- Medication: The use of medications is beneficial for people who are suffering from underlying mental health conditions such as depression or anxiety and have developed internet addiction as a result. Antianxiety and antidepressant medications can be used to deal with the symptoms of depression or anxiety. Pharmacological treatment through medications has shown promising results such as decreased non-essential and essential internet use and improved control over internet use, according to a 2016 systematic review of clinical research on internet addiction and problematic internet use published in the World Journal of Psychiatry.
- Cognitive behavioral therapy (CBT): A common approach in treating internet addiction is CBT. It focuses on changing negative thought patterns that trigger anxiety and produce addictive behaviors. In a clinical study led by Veruska Andrea Santos published in the Journal of Medicine Internet Research in 2016, patients who received medications through pharmacotherapy and modified cognitive behavioral therapy have shown significant improvement throughout the course of the treatment. Patients gained the confidence to eagerly regulate their internet use.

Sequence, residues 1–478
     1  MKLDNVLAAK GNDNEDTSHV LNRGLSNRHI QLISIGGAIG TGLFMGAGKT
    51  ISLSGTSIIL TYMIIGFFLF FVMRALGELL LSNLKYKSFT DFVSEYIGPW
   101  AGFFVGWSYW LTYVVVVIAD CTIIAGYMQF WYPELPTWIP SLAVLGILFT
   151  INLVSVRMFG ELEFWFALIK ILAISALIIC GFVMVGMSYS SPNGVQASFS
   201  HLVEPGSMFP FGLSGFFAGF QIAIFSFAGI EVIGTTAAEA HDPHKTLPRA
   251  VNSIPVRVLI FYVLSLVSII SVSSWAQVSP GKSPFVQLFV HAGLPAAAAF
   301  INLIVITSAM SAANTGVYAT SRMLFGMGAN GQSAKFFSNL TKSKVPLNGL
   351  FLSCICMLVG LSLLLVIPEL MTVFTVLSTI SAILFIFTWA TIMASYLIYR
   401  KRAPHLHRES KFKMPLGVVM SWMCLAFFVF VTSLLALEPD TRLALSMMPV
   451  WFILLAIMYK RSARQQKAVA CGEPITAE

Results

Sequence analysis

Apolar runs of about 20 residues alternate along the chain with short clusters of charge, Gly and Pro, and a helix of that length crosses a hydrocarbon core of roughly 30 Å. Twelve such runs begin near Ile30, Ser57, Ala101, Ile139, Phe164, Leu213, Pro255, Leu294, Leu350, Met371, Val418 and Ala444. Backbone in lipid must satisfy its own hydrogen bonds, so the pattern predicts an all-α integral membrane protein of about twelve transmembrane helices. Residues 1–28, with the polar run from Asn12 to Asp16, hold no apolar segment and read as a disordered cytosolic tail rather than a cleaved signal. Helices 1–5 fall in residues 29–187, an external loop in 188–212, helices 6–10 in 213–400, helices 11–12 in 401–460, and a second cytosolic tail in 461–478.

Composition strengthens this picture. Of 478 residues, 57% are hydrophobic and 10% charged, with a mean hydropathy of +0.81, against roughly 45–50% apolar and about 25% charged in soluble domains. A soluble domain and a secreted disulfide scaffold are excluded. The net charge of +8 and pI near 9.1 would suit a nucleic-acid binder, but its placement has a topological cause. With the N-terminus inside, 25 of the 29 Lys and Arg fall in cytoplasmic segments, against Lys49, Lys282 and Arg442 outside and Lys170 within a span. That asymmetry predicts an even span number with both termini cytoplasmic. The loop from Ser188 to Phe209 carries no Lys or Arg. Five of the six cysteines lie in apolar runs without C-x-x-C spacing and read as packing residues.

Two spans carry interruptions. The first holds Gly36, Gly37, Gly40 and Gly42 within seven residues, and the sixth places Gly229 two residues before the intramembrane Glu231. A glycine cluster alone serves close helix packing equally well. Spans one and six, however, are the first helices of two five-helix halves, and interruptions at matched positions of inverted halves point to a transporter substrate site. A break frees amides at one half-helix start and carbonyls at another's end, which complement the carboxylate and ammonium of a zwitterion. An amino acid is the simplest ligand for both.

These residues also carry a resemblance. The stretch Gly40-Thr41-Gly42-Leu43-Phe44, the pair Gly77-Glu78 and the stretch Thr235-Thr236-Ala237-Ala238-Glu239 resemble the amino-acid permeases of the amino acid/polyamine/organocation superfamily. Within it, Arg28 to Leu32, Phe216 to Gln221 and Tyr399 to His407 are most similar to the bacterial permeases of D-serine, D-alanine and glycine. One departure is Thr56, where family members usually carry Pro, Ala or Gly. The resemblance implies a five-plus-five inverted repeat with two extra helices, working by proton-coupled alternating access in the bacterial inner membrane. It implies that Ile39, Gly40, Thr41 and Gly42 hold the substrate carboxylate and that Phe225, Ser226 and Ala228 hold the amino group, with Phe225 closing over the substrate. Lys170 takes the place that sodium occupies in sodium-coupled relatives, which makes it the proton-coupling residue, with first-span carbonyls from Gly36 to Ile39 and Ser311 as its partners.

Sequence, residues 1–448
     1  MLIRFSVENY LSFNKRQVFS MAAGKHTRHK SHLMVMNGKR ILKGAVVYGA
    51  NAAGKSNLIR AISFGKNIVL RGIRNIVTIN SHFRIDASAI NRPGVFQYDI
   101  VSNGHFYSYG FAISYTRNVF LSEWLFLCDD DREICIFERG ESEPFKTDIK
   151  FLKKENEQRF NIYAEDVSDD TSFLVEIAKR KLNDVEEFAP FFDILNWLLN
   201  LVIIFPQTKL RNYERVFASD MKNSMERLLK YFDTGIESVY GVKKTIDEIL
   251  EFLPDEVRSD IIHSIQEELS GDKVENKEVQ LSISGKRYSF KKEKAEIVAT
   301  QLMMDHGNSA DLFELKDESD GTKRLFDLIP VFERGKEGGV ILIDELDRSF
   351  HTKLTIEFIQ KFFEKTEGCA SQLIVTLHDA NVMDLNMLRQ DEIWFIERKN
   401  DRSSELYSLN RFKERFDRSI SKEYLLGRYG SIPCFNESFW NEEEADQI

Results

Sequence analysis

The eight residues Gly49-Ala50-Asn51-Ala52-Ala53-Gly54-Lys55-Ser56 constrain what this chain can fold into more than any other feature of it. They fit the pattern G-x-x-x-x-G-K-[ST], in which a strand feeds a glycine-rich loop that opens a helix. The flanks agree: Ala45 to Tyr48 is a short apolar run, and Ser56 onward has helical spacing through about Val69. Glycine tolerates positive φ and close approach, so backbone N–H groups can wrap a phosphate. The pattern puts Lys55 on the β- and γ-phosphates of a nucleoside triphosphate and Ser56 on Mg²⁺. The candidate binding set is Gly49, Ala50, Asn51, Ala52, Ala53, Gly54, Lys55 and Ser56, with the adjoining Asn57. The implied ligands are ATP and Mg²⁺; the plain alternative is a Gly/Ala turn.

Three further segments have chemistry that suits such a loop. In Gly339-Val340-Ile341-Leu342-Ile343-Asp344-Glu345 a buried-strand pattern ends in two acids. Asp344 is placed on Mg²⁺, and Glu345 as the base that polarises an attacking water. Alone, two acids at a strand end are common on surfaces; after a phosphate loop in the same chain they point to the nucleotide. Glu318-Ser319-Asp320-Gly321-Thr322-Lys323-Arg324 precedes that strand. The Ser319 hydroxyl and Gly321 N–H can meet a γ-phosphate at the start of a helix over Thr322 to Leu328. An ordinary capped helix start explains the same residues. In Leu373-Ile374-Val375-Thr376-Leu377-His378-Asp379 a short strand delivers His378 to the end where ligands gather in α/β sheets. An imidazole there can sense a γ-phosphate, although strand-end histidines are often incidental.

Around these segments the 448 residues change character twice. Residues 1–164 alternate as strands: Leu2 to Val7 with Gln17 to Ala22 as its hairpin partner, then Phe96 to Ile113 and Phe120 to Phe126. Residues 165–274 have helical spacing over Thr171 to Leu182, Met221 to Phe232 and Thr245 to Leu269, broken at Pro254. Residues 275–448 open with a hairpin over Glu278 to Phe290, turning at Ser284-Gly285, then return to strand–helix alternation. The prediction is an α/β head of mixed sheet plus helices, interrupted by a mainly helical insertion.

- Support groups: People who suffer from electronic addiction can find solace in support groups that provide a safe place while reducing shame or social isolation. Internet addiction support groups include Internet and Technology Addicts Anonymous, Online Gamers Anonymous, Computer Gaming Addicts Anonymous, and reSTART. According to a 2015 study on multi-family group therapy for adolescent internet addiction published in Addictive Behaviors, multi-family group therapy showed promising effects in reducing internet addiction tendencies among adolescents.
- Inpatient treatment program: Residential or inpatient treatment programs involve staying in a professionally staffed facility. In a supportive environment that offers medical supervision, an internet addict can recover without worrying about internet usage.
How to overcome internet addiction?
An effective way of overcoming internet addiction is by engaging in self-corrective behaviors and creating a system of selective prevention. In addition to the treatment options for internet addiction including medication, cognitive behavioral therapy, support groups, and inpatient treatment program, practicing self-control is also beneficial for internet addicts. Recognizing certain personal vulnerabilities and the tendencies that cause them helps formulate a specialized approach to address the increasing risk of internet addiction, as suggested by Lee et al., in their 2019 article published in Current Addiction Reports. Moreover, access limitation is a direct prevention strategy and is potentially highly effective.